This article was written by John and published in CapX
Politics is like plumbing; everyone knows it’s essential and wants it to work properly but, frankly, we’d rather not spend too much time thinking about the details. Quiet efficiency is what most of us want, and the tumultuous weeks since the mini-budget have been anything but that.
So a return to unflappably competent, calm normality would be great. Jeremy Hunt has already made a welcome start by calming the financial markets with a solid restatement of fundamental Conservative values on the importance of sound money and being able to pay your bills. Now we need to pour more oil on troubled waters by choosing a leader who can inspire everyone to come together to defeat some pretty huge challenges. Not just in Westminster or the Tory Party, but right across the country as a whole.
What are those challenges? It’s a long list, but let’s start with unaffordably expensive housing, soaring energy prices and people traffickers shipping thousands of vulnerable people across the English Channel in rubber dinghies. In a normal Parliament we’d have spent the first two or three years grappling with answers to these problems but, because of lockdowns and the pandemic, they’re still sitting in the political in-tray. And there’s only two years left before the next General Election, so the clock is ticking.
Who can bring everyone together? For me, the answer is Penny Mordaunt. She’s been a minister in eight different Government Departments over twelve years, so she’s very experienced: the tight timescale means we need leaders with well-honed instincts and pattern recognition so the Government can take good decisions quickly.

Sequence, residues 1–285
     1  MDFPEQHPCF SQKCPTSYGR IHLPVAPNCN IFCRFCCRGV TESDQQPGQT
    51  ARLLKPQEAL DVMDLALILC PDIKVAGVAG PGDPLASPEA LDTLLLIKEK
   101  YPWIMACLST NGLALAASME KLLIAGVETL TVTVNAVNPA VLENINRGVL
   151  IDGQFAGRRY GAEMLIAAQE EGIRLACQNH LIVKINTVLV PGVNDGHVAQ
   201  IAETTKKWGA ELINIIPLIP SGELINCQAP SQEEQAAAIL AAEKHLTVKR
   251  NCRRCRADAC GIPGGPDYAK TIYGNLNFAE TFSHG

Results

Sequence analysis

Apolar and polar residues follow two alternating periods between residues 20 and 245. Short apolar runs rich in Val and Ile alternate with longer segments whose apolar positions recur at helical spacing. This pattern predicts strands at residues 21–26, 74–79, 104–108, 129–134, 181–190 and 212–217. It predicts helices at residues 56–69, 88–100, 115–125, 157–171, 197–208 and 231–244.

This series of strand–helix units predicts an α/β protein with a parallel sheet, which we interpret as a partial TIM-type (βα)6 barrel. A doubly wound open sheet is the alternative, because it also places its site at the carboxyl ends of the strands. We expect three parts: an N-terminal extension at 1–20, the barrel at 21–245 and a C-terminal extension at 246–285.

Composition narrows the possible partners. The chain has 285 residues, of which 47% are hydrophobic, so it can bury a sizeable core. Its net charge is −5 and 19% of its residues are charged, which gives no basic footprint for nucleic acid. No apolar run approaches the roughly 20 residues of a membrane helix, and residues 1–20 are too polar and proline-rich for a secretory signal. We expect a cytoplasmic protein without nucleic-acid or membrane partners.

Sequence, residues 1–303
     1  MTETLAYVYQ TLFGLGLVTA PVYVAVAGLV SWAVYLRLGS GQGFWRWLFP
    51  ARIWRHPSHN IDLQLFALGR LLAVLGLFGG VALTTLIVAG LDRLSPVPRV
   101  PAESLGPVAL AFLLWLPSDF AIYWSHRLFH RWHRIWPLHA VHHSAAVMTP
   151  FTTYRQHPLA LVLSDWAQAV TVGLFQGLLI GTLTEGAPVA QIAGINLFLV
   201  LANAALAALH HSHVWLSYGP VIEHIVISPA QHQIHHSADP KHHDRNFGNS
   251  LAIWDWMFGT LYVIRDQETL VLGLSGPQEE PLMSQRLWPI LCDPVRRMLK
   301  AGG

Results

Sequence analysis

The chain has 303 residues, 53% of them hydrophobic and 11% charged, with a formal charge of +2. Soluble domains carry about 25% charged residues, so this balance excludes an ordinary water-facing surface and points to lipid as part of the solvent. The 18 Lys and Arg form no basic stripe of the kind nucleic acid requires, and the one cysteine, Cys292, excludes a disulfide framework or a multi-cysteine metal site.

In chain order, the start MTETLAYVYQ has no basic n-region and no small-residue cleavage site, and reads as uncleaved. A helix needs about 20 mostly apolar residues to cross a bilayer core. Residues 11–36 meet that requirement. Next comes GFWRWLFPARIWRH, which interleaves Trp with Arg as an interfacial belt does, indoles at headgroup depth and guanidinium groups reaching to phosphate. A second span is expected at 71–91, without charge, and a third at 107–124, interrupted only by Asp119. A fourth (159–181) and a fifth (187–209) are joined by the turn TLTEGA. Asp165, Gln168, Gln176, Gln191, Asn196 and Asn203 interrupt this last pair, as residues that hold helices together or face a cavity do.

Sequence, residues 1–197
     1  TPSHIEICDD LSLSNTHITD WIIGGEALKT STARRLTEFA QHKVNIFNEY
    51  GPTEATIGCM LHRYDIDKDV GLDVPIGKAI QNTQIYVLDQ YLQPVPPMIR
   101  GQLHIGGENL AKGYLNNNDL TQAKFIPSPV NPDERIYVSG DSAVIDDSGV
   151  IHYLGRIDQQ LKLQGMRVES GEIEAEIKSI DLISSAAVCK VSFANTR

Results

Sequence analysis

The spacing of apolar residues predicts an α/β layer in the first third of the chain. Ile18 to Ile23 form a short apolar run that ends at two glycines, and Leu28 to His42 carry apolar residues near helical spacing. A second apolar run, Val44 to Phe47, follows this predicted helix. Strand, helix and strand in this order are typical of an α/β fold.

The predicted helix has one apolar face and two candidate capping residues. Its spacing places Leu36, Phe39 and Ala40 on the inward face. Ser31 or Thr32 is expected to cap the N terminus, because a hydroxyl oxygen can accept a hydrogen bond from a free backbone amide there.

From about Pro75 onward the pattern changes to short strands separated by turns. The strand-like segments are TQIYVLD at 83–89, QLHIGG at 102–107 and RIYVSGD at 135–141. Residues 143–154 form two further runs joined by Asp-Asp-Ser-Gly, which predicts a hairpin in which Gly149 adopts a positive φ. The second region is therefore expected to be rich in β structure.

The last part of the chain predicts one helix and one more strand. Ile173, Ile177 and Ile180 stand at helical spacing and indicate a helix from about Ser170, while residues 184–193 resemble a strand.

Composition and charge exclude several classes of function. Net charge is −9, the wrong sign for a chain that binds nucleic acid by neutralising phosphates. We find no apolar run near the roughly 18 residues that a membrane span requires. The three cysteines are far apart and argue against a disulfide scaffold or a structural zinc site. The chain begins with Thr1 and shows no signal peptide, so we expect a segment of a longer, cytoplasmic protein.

Plus her background makes her a powerful antidote to the cynicism and distrust that so many people feel about politics and politicians in general. She became a very young carer after her mother died and her father became ill, has been a Royal Navy reservist since her early career, and then had to defeat a sitting Labour MP to get into Parliament. In other words she’s had to struggle and work hard throughout her life, and it means her instincts are the same as yours and mine. She’s the leadership candidate who Labour fears the most, and anyone who thinks politicians have to be born with a silver spoon in their mouths should take a closer look at Penny.
What would a Mordaunt-led Government look like? It would keep the focus on driving faster economic growth, but we shouldn’t and mustn’t choose between sustainable, sound public finances and vibrant growth: they aren’t alternatives but two sides of the same coin instead. We can and should have both.
That means keeping Jeremy Hunt’s changes and then adding a strong dose of supply-side economic reforms on top, to make our economic engine rev faster and more efficiently. Fixing the underlying problems in industries like housing and energy means fundamental free-market changes to unblock the arteries of our economy so investment can flow and wealth can be built much faster and with less risk than today.
It means cutting red tape too, but without reducing or diluting the vital standards which protect our environment, deliver net zero, make our food safe to eat and ensure that buildings are safe to live and work in too. Getting rid of regulations has to be about delivering those unchanged standards more cheaply, simply and digitally than today, not cutting them. And that means reintroducing the tried-and-tested ‘1-in-2-out’ regime that worked pretty effectively until it was abandoned five years ago, and we’ve been adding new rules and regulations ever since.
Finally, a Penny Mordaunt premiership would mean smashing the glass ceilings that hold too many of us back across our country as well. Childcare costs are a good example, making work harder and cramping opportunities of working parents everywhere. So making childcare more flexible and affordable will mean more of us can work the extra hours or take on the promotion that moves our careers on to the next rung, or simply handle the pressures of parenting and work a little more easily instead. Levelling up isn’t just about roads and rail projects but extending opportunity right across society, and Penny will lift the day-to-day obstacles that are keeping working people back.